If you watch TV in the living room, choose the surrounding lights carefully to avoid television glare. It can be distracting to have a bright overhead light above or in front of a TV set, so ensure ceiling lights are dimmable, or use offset wall sconces or floor lamps instead.
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In a kitchen, it’s important to have enough general lighting. A single overhead pendant can work in a small room, but it’s even better when supplemented by pot lights or track lighting; here of all places, it’s important to see what you’re doing and avoid eye strain.
(Image credit: Scott & Kristan’s Inspiring Arts District Loft)
At first glance, the bedroom seems the least important room in the home, in terms of lighting. After all, we’re not really working in there much (unless it doubles as an office), and the primary goal of the space is to support sleep— which requires an intentional lack of light.
Specific task lighting, such as reading lamps, are important if you read frequently, have low levels of natural light, and especially if you ever work in your living room. A floor lamp spaced between two armchairs can also count as task lighting, as conversation is a task, too (at least in living room terms).
Last week I talked about properly lighting a living room, and today I’m going to tackle the kitchen, with the same end goal in mind: to have a fully functional space with sufficient amounts of general, task and accent lighting.
In the bedroom, accent lighting is really mood lighting. Whether it’s to create a romantic atmosphere or just to support relaxation in the evening, a cosy glow in this room never hurts. It can be achieved through simple dimming of the light sources we’ve already talked about, or by adding decorative lights like fairy strings, corner up-lighters or candles.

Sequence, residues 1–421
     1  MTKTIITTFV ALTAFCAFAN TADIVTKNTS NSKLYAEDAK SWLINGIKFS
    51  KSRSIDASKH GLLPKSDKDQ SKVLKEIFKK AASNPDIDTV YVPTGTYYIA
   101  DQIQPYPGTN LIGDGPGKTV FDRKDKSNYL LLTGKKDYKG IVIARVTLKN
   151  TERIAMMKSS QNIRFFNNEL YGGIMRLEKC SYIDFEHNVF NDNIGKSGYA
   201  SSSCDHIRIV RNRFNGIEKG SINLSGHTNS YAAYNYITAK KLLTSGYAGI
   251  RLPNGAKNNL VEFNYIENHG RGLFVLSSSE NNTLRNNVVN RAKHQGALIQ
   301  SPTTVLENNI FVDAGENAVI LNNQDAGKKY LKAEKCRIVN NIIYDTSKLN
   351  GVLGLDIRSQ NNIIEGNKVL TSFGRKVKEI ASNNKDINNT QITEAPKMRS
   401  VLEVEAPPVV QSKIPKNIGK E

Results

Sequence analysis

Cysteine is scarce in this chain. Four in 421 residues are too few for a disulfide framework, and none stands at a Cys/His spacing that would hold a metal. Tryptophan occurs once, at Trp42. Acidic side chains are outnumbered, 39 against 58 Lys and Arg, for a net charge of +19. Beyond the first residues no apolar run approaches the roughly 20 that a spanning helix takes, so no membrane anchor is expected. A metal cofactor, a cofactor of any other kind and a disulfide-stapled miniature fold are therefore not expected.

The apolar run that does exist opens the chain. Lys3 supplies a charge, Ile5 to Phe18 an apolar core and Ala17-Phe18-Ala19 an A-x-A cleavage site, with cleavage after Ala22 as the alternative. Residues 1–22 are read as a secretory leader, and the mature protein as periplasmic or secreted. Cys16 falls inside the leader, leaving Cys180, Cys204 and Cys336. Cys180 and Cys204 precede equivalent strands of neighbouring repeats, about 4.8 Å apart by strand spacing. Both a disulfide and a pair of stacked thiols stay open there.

Low-level table lamps and floor lamps help to create a cozy atmosphere in the living room, especially at night. Evenly space these throughout the room, usually toward the walls, to create an even, warm glow that bounces inwards. Think creatively about this type of lighting: groups of candles even fairy lights count.
Unless you have a desk or office space in the bedroom, there is a limit to how much work you’ll be doing there. But for those of us who read in bed, a good bedside lamp is a necessity. Don’t be restricted to desk-style reading lights; a low-hanging pendant like the one above works, too. Think of the other things you do from day to day— do you apply your makeup or iron your shirts in the bedroom? Both require good, specific lighting. Wall sconces, floor lamps and directional spot lights are your friends.
Task lighting in the kitchen primarily translates into having sufficient lighting on work surfaces, at a low enough level to be useful. Under-counter spotlights or tracks are tried and true, but with the current trend toward fewer upper cabinets and a more open-looking space, you’ve got to get creative. Wall-mounted desk-style lights are a fun and practical option, as is a row of smaller, low-hanging pendants along a countertop.
Once you start thinking about it, though, you realize the lighting needs of a bedroom— from general lighting for putting the laundry away to task lighting for doing your makeup and accent lighting for chilling out of an evening— are pretty complex. A bedroom lighting scheme should be as considered as that of any other room, so read on for a few tips on doing just that.